Matildas launch strike as football pay dispute hots up

September 11, 2015

Matildas players earn only $21,000 a year — below the minimum wage.

The simmering industrial dispute between the nation's football (soccer) players and the Football Federation Australia (FFA) over pay and the right to collectively bargain has now boiled over with the national women's team, the Matildas, pulling out of a planned tour of the US.

The industrial action comes as the FFA refuses to negotiate an agreement with the Professional Footballers Association (PFA) to meet player demands.

PFA Chief Executive Adam Vivian informed FFA of the players’ decision immediately after a September 9 mass meeting of Matildas players.

“The players feel they have been left with no option other than to take this course of action,” Vivian said. “The offer from FFA was simply unacceptable. The players stance will not change until a new agreement is reached.

“The A-League and Socceroos players have also expressed their full support for the Matildas in their pursuit of a deal that respects their contribution to the game.”

Male players in the Socceroos and the A-League are also fighting for a decent collective agreement with the FFA, but the Matildas are starting from a far lower starting point in their campaign for decent pay.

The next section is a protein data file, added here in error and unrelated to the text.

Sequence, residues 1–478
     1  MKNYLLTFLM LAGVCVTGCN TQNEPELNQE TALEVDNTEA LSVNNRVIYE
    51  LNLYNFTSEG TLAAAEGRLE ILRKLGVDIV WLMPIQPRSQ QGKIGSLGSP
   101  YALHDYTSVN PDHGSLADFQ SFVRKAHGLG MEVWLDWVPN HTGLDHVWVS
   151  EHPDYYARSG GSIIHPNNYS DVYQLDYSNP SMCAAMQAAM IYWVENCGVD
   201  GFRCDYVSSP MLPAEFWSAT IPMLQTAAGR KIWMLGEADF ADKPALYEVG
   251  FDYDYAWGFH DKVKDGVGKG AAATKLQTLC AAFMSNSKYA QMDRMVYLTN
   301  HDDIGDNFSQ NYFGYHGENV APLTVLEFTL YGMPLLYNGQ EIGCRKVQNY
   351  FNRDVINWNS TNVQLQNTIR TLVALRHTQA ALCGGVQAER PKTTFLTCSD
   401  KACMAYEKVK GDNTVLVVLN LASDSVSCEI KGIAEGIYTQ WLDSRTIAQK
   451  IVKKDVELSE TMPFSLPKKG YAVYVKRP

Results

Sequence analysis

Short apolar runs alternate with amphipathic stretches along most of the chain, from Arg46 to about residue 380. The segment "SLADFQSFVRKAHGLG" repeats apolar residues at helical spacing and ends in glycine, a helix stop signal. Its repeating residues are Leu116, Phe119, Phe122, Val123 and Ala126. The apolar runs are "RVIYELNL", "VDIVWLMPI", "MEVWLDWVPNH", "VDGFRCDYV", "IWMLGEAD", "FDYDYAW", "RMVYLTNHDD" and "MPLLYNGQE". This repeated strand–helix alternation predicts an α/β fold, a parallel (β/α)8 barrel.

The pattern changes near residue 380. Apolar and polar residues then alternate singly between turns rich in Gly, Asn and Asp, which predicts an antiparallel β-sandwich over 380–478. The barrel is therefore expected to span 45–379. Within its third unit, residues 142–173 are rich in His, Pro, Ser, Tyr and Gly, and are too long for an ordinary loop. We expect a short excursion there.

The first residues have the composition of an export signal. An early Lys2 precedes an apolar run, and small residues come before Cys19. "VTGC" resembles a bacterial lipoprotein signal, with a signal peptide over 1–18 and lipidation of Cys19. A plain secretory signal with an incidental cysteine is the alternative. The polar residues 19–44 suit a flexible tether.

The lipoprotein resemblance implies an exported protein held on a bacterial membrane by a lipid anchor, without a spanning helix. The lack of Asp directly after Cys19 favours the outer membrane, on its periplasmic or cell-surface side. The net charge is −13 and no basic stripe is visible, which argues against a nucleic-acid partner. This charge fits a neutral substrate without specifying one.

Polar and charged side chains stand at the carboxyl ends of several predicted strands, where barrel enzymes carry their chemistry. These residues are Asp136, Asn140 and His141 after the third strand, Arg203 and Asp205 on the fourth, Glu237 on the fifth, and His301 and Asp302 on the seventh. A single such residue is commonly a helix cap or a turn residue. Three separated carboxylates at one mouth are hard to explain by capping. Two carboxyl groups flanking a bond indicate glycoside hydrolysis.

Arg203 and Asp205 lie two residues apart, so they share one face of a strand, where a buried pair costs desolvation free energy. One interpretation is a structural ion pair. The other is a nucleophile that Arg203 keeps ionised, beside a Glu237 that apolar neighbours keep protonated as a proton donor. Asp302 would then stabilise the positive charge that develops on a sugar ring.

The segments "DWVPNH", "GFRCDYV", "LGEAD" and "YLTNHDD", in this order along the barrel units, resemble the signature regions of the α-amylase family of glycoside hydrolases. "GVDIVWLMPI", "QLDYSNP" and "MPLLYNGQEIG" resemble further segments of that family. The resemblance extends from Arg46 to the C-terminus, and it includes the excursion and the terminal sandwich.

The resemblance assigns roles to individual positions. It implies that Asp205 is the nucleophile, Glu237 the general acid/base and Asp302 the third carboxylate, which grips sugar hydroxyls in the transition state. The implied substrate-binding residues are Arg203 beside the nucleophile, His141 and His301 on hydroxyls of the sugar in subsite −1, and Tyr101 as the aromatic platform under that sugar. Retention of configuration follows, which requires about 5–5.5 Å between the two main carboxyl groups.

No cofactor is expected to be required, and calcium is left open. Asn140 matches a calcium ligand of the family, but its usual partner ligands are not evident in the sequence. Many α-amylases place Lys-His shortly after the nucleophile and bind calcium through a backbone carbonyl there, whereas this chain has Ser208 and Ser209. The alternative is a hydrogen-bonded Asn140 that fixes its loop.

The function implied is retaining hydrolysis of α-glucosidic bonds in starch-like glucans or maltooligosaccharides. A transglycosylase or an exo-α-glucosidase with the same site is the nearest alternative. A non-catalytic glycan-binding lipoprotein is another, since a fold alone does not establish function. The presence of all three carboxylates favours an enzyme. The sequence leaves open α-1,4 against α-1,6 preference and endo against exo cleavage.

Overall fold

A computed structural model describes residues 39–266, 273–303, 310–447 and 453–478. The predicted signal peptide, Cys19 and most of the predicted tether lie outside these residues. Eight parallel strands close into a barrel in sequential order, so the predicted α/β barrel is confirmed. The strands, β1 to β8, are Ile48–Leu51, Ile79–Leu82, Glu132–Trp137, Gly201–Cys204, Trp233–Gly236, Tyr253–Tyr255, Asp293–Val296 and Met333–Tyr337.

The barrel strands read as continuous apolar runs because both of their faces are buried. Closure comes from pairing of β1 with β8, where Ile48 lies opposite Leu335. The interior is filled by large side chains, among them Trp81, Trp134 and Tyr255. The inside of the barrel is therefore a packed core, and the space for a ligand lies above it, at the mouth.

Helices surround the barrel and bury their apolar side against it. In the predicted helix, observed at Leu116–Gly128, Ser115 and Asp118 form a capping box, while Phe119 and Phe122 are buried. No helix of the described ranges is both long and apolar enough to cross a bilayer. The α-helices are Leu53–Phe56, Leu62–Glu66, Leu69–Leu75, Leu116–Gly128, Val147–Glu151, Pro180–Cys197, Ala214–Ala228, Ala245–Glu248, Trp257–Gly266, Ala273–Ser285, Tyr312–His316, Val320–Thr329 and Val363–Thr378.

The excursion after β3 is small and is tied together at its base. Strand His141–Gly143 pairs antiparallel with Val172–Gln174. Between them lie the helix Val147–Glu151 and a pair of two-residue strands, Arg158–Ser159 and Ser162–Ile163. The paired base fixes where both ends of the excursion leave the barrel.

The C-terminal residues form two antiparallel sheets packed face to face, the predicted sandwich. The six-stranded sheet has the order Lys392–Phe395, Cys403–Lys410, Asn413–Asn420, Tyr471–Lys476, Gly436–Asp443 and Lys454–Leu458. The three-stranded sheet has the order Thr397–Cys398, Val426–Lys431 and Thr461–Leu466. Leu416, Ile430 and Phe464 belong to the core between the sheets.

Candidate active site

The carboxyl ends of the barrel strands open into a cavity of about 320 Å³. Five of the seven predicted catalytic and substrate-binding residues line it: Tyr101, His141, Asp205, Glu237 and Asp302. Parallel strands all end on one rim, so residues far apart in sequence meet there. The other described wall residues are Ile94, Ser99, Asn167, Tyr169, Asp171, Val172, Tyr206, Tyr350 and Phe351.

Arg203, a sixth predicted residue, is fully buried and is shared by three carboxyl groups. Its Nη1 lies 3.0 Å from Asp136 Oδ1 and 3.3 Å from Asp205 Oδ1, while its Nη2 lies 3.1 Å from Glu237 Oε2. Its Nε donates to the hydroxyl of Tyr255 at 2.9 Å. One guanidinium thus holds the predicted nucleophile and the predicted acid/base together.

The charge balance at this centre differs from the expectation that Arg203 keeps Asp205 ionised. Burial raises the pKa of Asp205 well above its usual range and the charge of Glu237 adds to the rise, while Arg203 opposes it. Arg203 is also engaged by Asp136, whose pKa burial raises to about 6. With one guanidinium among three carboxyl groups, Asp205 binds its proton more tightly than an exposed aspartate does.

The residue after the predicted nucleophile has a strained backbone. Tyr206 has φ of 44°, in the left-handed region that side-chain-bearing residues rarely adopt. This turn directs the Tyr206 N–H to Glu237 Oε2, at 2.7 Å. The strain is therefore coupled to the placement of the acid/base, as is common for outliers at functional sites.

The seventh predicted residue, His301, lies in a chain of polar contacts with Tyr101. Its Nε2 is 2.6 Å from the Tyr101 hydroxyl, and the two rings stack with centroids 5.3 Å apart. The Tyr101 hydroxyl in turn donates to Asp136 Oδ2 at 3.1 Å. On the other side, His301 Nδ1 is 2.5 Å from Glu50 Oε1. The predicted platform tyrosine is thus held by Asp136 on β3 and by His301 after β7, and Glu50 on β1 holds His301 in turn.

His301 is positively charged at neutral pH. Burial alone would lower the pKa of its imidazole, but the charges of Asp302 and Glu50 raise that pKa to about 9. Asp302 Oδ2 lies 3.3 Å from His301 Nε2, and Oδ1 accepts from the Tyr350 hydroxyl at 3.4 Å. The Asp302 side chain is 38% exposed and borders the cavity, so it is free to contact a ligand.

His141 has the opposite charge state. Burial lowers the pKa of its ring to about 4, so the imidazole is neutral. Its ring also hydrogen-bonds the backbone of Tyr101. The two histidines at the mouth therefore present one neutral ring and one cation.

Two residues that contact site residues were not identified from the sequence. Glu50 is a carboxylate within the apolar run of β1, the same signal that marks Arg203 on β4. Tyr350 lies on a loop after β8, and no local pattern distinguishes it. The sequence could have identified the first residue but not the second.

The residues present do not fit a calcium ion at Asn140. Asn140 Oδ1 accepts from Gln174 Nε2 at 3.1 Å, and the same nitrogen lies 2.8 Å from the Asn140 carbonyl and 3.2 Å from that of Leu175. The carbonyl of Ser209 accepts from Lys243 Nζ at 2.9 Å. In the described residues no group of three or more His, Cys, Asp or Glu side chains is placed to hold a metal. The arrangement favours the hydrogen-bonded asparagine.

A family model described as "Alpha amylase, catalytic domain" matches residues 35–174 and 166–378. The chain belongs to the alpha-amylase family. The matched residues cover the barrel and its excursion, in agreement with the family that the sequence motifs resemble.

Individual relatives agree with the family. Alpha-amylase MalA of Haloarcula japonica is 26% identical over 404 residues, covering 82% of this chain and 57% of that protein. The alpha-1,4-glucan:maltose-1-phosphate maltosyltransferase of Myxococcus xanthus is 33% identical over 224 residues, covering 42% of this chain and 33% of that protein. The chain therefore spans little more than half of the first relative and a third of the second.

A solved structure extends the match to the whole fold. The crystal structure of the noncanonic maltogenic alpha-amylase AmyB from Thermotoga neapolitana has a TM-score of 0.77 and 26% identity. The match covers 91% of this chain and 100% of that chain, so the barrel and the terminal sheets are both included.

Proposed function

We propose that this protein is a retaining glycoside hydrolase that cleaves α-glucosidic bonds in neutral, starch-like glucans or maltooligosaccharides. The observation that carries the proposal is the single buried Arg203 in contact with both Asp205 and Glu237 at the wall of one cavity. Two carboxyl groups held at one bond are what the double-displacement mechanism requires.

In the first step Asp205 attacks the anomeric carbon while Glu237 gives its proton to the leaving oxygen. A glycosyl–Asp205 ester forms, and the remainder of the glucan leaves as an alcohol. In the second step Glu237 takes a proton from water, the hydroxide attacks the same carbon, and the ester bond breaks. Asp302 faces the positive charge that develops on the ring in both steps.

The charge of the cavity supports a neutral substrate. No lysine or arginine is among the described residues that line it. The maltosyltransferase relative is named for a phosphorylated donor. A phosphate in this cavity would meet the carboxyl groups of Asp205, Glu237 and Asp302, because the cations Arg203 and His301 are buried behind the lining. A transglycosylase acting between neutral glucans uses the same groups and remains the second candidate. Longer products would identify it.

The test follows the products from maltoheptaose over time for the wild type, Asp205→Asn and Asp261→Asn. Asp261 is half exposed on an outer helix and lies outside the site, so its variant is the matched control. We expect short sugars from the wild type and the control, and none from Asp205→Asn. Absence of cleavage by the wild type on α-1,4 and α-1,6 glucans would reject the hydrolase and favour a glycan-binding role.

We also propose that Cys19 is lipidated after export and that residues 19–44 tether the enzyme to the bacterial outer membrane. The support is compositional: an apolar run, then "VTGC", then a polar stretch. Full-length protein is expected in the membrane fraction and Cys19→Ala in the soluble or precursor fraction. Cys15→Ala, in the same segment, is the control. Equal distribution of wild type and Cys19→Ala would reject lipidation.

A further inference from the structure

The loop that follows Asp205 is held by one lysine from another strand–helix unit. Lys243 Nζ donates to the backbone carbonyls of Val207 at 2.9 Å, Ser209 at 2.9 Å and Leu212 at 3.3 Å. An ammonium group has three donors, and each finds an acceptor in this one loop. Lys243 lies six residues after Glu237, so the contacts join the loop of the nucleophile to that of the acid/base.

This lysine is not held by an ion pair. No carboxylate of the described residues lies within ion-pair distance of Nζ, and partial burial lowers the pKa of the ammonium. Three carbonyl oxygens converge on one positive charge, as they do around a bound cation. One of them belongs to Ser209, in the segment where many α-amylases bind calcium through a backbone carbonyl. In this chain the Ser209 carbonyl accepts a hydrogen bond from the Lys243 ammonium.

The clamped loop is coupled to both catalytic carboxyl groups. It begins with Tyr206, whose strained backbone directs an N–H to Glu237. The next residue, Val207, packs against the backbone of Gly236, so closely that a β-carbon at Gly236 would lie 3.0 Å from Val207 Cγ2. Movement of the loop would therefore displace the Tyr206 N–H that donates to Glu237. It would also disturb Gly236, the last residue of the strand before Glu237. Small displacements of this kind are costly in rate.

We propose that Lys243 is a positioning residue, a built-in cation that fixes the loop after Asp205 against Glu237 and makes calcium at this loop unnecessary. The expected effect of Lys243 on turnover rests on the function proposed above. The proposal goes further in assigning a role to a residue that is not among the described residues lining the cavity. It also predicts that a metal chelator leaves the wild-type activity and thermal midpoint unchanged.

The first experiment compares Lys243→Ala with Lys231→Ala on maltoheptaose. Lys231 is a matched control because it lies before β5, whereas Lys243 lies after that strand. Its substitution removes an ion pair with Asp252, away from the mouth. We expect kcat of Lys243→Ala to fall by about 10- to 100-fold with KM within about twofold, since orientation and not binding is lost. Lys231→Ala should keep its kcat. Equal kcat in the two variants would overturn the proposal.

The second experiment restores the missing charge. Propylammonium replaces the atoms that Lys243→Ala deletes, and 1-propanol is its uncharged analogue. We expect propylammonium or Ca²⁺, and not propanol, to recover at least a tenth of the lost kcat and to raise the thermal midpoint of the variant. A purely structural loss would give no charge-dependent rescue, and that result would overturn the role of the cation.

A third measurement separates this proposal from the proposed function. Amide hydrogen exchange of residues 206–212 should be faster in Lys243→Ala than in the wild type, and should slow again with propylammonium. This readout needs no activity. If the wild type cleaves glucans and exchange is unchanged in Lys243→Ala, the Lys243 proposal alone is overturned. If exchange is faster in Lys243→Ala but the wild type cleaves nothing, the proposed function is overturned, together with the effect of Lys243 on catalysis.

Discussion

Most Matildas earn $21,000 a year on FFA contracts, which is below the minimum wage. In the recent Women's World Cup, they earned just $500 each in match day fees — compared with the $7500 their male counterparts earned for World Cup appearances. FFA chief executive David Gallop earns more for his administrative role than all the Matildas squad combined.

Matildas players are also angry the FFA has rejected player demands for maternity leave provisions to be included in the new agreement.

In a September 8 PFA statement, Matildas goalkeeper Lydia Williams said: “This was an extremely difficult decision to make. However … for the past two months the players have been unpaid and have made every attempt to reach an agreement that gives the women’s game a platform for growth. This is about the future of Australian football.”

[Sign a petition in support of the Matildas.
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